This is a rush transcript from "Your World," April 24, 2012. This copy may not be in its final form and may be updated.
NEIL CAVUTO, HOST OF “YOUR WORLD”: Now to Washington, where the Senate just rejected a GOP attempt to overturn new rules by the National Labor Relations Board, rules aimed at speeding up union elections by days or even weeks.
The new rules are set to kick in on Monday. South Dakota Senator John Thune was among 45 Republicans pushing for the vote.
Senator, it didn’t go your way, but now I am beginning to wonder, what is the workplace going to look like or do you fear it will look like come Monday?
SEN. JOHN THUNE. R-S.D.: Well, it will change a lot, obviously.
Of course, this rule was put in place toward the end the year, the final rule was. But essentially what we had hoped to be able to do, Neil, was to prevent the National Labor Relations Board from moving forward with this change because it would cram basically into a 10-day period the time in which an employer would have to schedule a union election.
Right now the average is 38 days. So imagine compressing the schedule like that. You can hardly find a lawyer in 10 days to represent you. This is a radical change and something that is very contrary to small businesses and their ability to create jobs and grow the economy.
It will increase the cost of doing business in this country. And I had hoped that today we would be able to get the votes to reverse that. Unfortunately, we got 45 votes in the United States Senate. And we found out, again, how important arithmetic and how important it is that at the ballot box that we win elections.
CAVUTO: There is a contrary school of thought on this, Senator -- I don’t know if you buy that -- that unions should be careful what they wish for and got, that speed may not be in their favor.
In other words, you cannot rush folks at a plant or factory or facility to unionize if they don’t want to.
THUNE: And that -- maybe that will be the -- I hope it is the case, I hope employees will push back against this.
But the reason the unions were so for this, Neil, is because if you look at the history as any indication here, when a union election occurs in 11 to 15 days, the unions win 87 percent of those. When they occur in 36 to 42 days, the number drops down to 58 percent.
And, so, clearly, they wanted to have this change, they think it will mean a lot more election victories. But this, really, is a solution in search of a problem, because if you look at the recent results of union elections, in 2011, the unions won 71 percent of those, and that was up 3.5 percent over the previous year. And this is not a problem.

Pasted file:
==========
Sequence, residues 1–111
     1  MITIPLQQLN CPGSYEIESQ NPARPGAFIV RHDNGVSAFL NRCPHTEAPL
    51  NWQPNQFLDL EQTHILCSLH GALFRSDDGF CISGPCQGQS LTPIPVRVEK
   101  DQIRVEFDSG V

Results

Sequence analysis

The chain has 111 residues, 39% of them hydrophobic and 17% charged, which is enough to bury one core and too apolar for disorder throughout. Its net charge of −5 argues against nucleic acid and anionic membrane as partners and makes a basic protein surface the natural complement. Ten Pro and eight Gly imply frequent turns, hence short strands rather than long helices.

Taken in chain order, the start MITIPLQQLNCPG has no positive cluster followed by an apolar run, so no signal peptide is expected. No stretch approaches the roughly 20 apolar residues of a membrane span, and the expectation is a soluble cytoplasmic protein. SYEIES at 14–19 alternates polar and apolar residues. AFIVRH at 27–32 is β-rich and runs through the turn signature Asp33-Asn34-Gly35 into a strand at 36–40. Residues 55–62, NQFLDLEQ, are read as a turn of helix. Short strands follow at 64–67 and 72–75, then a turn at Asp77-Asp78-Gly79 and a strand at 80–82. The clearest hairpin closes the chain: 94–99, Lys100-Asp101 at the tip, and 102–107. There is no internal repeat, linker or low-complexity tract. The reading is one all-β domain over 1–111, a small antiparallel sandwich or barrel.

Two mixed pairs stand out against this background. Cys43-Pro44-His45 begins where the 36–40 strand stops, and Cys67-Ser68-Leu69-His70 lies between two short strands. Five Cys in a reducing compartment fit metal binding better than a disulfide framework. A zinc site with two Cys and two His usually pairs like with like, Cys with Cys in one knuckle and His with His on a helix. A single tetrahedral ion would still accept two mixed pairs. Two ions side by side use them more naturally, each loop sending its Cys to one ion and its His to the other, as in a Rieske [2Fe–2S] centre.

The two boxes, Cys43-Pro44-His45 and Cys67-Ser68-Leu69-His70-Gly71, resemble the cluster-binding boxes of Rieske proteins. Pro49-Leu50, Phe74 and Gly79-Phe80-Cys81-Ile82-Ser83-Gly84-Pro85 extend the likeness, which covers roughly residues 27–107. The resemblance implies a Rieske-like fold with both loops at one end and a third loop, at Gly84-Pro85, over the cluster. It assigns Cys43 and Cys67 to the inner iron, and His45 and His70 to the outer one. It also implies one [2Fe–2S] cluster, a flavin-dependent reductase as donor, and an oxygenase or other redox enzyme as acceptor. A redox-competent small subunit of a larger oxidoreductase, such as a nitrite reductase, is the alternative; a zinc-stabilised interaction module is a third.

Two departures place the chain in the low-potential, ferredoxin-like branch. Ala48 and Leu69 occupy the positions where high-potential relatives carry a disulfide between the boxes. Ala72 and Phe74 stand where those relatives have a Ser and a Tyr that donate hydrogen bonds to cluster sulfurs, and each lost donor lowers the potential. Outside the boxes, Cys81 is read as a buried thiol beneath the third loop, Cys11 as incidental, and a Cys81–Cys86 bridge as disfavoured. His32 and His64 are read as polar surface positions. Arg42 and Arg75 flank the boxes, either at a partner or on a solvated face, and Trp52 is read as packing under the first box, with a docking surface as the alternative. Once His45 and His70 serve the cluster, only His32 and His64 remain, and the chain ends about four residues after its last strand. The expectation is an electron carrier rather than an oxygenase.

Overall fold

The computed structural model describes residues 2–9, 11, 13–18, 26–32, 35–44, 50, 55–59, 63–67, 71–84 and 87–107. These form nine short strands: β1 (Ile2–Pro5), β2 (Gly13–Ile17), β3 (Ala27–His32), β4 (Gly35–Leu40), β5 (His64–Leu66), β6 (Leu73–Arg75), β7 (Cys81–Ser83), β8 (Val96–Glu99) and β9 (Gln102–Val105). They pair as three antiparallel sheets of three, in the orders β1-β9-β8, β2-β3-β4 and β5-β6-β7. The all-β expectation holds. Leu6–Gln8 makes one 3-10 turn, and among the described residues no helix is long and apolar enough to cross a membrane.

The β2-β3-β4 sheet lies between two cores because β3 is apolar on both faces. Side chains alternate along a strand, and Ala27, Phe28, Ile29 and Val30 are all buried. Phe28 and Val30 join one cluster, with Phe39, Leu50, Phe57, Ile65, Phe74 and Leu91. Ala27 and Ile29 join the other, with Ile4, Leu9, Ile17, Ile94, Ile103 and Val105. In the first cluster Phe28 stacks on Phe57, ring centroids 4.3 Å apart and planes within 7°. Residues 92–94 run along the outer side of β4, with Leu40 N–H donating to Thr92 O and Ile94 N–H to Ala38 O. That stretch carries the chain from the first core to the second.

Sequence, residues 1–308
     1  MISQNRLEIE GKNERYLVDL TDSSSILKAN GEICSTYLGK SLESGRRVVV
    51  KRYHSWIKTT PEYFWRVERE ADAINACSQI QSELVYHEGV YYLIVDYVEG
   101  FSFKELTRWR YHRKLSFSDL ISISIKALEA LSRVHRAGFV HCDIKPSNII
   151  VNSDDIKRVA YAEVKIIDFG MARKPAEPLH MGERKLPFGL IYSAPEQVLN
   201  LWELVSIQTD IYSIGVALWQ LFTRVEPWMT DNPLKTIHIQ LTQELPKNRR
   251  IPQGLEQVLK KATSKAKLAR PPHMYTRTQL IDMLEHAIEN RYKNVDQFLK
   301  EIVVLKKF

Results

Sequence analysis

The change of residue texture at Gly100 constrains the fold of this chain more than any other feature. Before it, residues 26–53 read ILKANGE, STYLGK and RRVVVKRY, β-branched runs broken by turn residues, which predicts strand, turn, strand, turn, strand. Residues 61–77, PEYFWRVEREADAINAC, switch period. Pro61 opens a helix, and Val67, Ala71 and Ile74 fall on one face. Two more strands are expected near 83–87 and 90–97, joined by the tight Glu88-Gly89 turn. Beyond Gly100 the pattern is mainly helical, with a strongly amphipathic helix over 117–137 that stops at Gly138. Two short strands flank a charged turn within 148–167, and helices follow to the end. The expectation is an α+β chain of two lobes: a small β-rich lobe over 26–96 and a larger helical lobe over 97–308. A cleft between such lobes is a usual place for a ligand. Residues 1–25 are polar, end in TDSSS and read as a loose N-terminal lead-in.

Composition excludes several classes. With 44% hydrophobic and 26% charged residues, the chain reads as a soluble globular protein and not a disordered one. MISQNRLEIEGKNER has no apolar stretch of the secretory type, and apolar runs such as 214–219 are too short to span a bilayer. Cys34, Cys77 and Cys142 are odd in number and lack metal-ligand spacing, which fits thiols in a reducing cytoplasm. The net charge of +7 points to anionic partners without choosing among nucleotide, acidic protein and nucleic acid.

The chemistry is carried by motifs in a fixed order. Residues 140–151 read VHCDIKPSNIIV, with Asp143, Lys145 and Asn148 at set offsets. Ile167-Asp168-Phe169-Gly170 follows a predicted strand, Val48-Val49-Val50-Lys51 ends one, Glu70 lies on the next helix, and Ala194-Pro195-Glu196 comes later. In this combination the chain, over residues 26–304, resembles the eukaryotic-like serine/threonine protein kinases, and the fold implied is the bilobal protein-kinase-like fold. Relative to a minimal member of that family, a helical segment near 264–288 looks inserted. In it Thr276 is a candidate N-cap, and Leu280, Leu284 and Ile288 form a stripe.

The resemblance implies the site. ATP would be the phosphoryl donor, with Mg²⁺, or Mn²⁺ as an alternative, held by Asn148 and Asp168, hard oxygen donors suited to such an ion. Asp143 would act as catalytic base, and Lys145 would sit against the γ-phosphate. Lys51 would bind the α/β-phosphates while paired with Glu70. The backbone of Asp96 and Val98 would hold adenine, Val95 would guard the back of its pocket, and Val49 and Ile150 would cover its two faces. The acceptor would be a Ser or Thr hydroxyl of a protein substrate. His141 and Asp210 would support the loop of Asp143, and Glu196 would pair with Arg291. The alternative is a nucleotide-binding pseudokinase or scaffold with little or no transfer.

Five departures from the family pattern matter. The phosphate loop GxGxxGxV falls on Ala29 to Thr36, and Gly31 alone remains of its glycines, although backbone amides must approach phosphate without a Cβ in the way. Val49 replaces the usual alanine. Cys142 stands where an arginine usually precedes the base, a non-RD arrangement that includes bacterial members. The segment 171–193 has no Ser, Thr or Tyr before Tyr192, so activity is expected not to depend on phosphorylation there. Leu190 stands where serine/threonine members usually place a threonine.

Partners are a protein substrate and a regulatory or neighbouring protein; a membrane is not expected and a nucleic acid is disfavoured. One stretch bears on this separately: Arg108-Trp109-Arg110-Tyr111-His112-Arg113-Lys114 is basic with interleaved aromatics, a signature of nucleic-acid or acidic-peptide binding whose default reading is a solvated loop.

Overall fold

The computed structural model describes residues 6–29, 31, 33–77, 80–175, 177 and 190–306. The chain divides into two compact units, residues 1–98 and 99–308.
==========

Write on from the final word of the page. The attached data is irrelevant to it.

This is something that big government and the labor bosses in this country have tried to put through in order to try and get more unionization in this country. It will be harder for small businesses, as I said, to deal with the addition costs of trying to deal with there and it will be harder for them to create jobs, no question about it.
CAVUTO: Well, obvious that is why many unions of course fear Mitt Romney, and he has already promised a crackdown on this. I know you and other leaders in the Senate have promised the same thing after today.
And they are pulling out all the stops; I think a $400 million ad campaign at a minimum, to help the president and Democrats to stay in power. This is going to get pretty ugly, isn’t it?
THUNE: It is. This is all about power.
And it clearly is a push right now, and you see this is pervasive within this administration. We see it in lots of different agencies, but the NLRB is a good example. They have got a whole series of things. We actually were able to defeat one of them at the Washington, D.C., circuit court here recently.
But most of these things that they are trying to jam through right now are all designed to grow the power of the special interests that drive the president and his agenda here in Washington, D.C. And that’s why I hope people across this country as they pay attention to these issues be prepared when the election comes in November of this year to make sure that we send a message that we want policies in place that will make it less expensive and less difficult for small businesses to create jobs, not more difficult, not putting more burdens and more impediments and more barricades in the way of small businesses.
That is exactly what the regulation will do and that will be the practical effect of it. But the political effect is, yes, it increases and concentrates more power with the unions and takes its away from employers and employees in the workplace.
CAVUTO: Senator, good seeing you again. Thank you very much.
THUNE: Thanks, Neil. Good to be with you.
CAVUTO: Senator John Thune. All right.
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